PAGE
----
for sure. Yeah, I think it's funny because you know, there's this perception from we'll call normal people do what we all do, people who are saying and not crazy and risk taking. There's this perception that in these big corporate jobs you get experience and yeah, at Disney getting to build the Disney plus model is a huge experience. But in the last five months, you've had 30 or 40 different clients, you've worked on 30 or 40 different projects like that is experience and that's in five months so that's something that's just so cool I think to doing this entrepreneurship thing is just the speed at which you get to experience things

Julia Xu :

yeah, and it feels like I'm building my own business going away like TBD if I'm still actually own a business school but like basically if I want to learn about something, I just go like find a client that industry but so far, honestly I like done. Zero direct outreach to clients, like I just have people like coming to me, which is pretty fortunate and I think networking earlier paid off. I didn't mention but I took a month off and full time networked. Probably had 100 pounds. Coffee and that led to all my clients initially. So yeah, I think it's just like you get to learn about all the different fields and work with so many different people, which like, Whatever you do, like down the road is super beneficial, I think.

Eliot Raymond :

So I was just gonna jump into kind of what your sales cycle was like and what that process looks like. But it sounds like everything is through personal connections, which is really exciting for you.

Julia Xu :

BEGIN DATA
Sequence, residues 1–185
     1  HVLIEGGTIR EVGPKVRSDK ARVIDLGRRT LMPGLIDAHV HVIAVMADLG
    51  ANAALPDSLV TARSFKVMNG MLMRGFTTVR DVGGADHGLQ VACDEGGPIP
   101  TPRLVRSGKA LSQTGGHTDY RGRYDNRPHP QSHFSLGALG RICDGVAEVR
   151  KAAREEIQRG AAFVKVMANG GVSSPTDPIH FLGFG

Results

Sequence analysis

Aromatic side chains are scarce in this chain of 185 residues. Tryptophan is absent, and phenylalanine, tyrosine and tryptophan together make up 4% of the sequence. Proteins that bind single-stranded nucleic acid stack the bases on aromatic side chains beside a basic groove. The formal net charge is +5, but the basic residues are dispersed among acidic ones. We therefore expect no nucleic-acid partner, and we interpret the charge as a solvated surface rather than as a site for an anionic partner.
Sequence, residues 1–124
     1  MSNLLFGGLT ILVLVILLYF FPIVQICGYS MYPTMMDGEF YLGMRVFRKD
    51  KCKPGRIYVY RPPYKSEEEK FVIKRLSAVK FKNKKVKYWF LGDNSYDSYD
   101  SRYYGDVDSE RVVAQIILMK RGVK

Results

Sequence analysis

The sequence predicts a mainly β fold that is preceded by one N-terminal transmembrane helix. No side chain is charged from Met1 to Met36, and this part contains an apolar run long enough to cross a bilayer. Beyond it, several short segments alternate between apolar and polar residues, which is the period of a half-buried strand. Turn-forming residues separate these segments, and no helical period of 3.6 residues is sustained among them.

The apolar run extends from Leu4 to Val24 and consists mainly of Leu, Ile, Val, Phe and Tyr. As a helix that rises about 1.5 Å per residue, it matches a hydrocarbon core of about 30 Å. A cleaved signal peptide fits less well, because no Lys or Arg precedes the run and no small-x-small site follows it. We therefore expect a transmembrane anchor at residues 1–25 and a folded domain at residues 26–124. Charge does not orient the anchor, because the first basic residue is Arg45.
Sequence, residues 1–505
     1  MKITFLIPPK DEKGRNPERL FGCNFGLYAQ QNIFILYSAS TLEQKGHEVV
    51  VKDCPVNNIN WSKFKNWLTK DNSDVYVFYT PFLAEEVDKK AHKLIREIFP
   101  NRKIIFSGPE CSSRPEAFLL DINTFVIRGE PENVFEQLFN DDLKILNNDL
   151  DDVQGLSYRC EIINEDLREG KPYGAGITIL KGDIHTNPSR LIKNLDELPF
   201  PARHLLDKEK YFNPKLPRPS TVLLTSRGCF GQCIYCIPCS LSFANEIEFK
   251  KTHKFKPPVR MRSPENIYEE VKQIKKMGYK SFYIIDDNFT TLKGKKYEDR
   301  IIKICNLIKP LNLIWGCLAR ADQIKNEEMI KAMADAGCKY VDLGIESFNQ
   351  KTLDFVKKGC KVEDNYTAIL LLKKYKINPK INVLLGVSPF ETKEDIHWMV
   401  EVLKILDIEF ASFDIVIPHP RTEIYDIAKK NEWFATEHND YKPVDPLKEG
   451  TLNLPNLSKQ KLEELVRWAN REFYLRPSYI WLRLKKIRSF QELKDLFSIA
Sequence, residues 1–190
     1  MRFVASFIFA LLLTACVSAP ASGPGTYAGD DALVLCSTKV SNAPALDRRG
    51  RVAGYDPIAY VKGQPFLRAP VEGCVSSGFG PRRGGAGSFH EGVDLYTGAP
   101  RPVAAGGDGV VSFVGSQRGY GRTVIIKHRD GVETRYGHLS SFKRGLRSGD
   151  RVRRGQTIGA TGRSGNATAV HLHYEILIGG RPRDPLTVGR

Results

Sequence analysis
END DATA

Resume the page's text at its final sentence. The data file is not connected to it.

Yeah, I would say personal connection, then networking. So I like caught up with all my past friends and coworkers, which is like a lot, I think, like, literally went back to the Disney office, like pretty shamelessly. And I wasn't even at Alibaba that long. So it was like, not even a year since I left. So I like one back and I got coffee with everyone there. And I was basically like, I guess like I'm back and trying to just like, catch up with everyone. And that was unexpectedly helpful because a lot of my own boss actually happen to know people in New York. We're also doing like entrepreneurship in the field I'm interested in so they connect me with their friends, their wives actually are working on super cool stuff that I'm like really interested in, I get connected to them and they connect me with other people. So I think that was like a really good step, just basically opening up yourself and telling everyone exactly, you know, this is what I'm doing. Can you help me? And chances are, they're people who you think will help you, that ends up not being very helpful. And there are people who you were just like, I'm just gonna go catch up with this person, no expectation and realize, wow, actually, they really helped you a lot like or even finding like your next client. So yeah, I think just like kind of keeping open minded and first, like hitting up your own network, and then also like expanding your new network. So I was basically attending all startup events in New York that I can find. It was insane. I think I would like do like 10 back to back like coffee slash events in a day. And I'm like running around from I live in Brooklyn. Now I would like go up, starting from like Friday and then going up to like a unit. And then I'm like going to like upper side and then just like kind of running around town all day and meeting with like different people. And I found that just like really paid off like later on I started to realize you know that's when I started getting people reaching out to me because they all heard like their friend who like know that this person building financial model then potentially maybe can help them build a model but also granted like they're not that many financial model freelancers out there I still probably know I don't know like five maximum even after doing this for so long. It's not a lot of financial model builder or people with like corporate background who left corporate and became like an independent consultant so there's that like pretty fortunate that way just not a lot of supplier competition, I guess.